Minuteman Health plans to offer broad N.H. network on marketplace in 2015
CEO of Minuteman Health, Thomas D. Policelli, right, a relatively new insurance company which wants to sell plans on the NH Exchange next year, speaks at the New Hampshire Hospital Association on Wednesday, March 19, 2014.
(ANDREA MORALES / Monitor staff)
CEO of Minuteman Health, Thomas D. Policelli, a relatively new insurance company which wants to sell plans on the NH Exchange next year, speaks at the New Hampshire Hospital Association on Wednesday, March 19, 2014.
(ANDREA MORALES / Monitor staff)
Business leaders from across the state got their first chance Wednesday to say hello to someone who very much wants to be their friend.
Tom Policelli, CEO of Minuteman Health, came to Concord for a brief speech and meet-and-greet at the headquarters of the New Hampshire Hospital Association.
He stood behind a podium decked in his company’s signature orange signs with a logo meant to resemble spray-painted graffiti. It’s the same marketing materials the company uses in Massachusetts, and it will be the look of Minuteman Health in New Hampshire, too.
“It’s almost blinding, which is fine. We’re here to disrupt things. We’re not here to be subtle,” Policelli said.
The Massachusetts-based insurance cooperative has applied for a license to operate in New Hampshire selling policies both on and off the state’s marketplace for 2015. The state Department of Insurance has almost finished reviewing the application, according to a statement from Commissioner Roger Sevigny.
“We are pleased that marketplace customers are likely to have more choices in 2015 than they do today,” he said, noting that Harvard Pilgrim Health Care officials have also said that company plans to sell policies on the marketplace next year.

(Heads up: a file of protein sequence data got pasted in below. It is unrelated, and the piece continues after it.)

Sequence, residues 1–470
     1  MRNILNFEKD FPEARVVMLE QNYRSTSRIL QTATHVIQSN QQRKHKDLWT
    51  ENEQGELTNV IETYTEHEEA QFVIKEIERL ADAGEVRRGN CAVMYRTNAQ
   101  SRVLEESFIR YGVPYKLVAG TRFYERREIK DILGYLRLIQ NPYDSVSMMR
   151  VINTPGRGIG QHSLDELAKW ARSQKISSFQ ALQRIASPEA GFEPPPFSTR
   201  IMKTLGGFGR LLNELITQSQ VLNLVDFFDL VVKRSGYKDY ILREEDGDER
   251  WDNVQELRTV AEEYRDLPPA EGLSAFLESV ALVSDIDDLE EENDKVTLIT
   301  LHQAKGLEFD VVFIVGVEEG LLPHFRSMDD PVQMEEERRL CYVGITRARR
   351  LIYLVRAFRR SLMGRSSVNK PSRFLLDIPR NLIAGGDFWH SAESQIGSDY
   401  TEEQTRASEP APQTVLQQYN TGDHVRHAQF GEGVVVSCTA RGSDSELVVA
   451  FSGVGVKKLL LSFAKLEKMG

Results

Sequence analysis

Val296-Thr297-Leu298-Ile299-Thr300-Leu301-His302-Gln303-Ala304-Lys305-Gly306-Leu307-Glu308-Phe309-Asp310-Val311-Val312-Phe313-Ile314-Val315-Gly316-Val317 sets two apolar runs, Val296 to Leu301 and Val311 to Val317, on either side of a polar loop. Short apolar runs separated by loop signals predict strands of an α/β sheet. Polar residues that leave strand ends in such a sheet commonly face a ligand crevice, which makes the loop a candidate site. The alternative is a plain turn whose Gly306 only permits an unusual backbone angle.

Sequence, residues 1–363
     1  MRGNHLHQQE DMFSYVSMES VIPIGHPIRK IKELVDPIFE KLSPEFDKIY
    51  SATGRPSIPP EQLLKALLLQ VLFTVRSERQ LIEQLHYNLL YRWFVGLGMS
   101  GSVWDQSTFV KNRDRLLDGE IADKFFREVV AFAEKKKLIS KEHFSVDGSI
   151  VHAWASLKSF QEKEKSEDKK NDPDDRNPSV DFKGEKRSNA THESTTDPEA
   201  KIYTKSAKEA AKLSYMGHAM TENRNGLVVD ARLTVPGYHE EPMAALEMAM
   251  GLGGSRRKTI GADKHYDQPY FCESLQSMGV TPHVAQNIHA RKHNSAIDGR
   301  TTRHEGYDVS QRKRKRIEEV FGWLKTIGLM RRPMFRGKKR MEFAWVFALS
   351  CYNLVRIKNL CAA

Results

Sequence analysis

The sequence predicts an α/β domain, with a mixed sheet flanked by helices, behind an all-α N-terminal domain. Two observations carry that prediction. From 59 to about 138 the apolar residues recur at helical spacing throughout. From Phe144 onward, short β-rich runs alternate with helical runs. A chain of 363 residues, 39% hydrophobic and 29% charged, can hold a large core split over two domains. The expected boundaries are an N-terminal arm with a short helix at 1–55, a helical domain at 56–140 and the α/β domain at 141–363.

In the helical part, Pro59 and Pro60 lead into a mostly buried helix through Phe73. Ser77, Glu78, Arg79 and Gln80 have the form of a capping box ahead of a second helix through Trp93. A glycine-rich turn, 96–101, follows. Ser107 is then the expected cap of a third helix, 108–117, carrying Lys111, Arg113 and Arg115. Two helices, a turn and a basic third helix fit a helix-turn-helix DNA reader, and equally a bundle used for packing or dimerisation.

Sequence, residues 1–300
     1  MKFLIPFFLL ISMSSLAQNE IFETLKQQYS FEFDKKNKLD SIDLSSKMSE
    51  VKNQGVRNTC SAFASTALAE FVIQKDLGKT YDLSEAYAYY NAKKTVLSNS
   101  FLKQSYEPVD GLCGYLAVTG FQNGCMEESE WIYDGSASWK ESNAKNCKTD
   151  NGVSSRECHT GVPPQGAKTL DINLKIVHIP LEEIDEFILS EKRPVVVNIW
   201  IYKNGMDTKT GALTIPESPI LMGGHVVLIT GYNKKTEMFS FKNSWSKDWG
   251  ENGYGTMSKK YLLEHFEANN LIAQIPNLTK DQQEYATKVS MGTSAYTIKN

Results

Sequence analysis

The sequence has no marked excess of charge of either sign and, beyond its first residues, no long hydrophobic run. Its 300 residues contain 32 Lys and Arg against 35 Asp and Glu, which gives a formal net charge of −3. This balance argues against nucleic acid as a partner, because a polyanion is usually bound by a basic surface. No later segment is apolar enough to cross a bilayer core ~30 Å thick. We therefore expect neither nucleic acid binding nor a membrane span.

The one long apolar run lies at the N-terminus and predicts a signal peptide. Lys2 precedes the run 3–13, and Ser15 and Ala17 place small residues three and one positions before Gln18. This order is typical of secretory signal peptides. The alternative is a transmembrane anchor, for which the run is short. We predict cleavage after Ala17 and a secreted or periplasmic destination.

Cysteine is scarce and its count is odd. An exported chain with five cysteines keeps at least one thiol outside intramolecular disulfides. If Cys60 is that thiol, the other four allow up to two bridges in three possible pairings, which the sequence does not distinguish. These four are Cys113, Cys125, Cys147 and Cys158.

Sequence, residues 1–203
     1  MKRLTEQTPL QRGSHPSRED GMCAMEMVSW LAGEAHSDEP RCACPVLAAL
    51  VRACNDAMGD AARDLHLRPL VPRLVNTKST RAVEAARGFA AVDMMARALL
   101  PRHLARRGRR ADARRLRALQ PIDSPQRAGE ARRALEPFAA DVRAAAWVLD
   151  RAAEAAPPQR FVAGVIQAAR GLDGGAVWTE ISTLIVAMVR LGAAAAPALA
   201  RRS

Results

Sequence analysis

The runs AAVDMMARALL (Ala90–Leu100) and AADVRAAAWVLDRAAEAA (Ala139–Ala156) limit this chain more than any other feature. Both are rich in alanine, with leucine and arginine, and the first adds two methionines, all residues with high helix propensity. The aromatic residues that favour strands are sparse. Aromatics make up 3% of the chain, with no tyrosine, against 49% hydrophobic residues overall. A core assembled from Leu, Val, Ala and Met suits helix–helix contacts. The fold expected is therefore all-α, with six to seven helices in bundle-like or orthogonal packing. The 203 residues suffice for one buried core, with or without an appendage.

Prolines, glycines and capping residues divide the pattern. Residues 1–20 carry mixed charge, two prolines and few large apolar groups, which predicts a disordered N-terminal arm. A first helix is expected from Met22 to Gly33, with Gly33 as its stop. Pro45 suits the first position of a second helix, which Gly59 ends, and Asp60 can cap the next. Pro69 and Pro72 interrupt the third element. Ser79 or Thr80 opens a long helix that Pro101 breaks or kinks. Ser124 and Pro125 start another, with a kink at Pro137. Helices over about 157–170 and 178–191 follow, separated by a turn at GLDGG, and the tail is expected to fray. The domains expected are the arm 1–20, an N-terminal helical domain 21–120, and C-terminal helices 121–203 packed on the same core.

Anthem Blue Cross Blue Shield is the only company selling plans on the marketplace for 2014.
That monopoly and some other factors mean “right now, New Hampshire looks like a lot of opportunity,” Policelli said.
“New Hampshire has historically been a difficult market for carriers. Carriers have come in, had a rough time and left,” he said.
“But right now New Hampshire is so heavily consolidated, there’s a real opportunity for a value-oriented carrier to come in and present another opportunity,” Policelli said. “Do we think we are going to have 80 percent market share anytime soon? No, we don’t. Can we present an alternative that will be attractive to many people in the state? We believe we will.”
The company received $80 million for start-up costs and initial loss coverage as part of the Affordable Care Act to launch in Massachusetts and an additional $76 million to launch in New Hampshire.
Anthem raised the ire of many residents, politicians and local officials in New Hampshire by excluding 10 of the state’s 26 hospitals from its network for the new marketplace plans.
Policelli said Minuteman is still negotiating with providers in New Hampshire over membership on its network when it does launch, but it is committed to operating with a broad network.
“Our goal is to speak with every single one and try to get them all in on terms that will work with them and our members,” he said. “If the conversations in which we’re engaged now work out, we believe we will hit a competitive price point and have a broader network.”
(Sarah Palermo can be reached at 369-3322 or firstname.lastname@example.org or on Twitter @SPalermoNews.)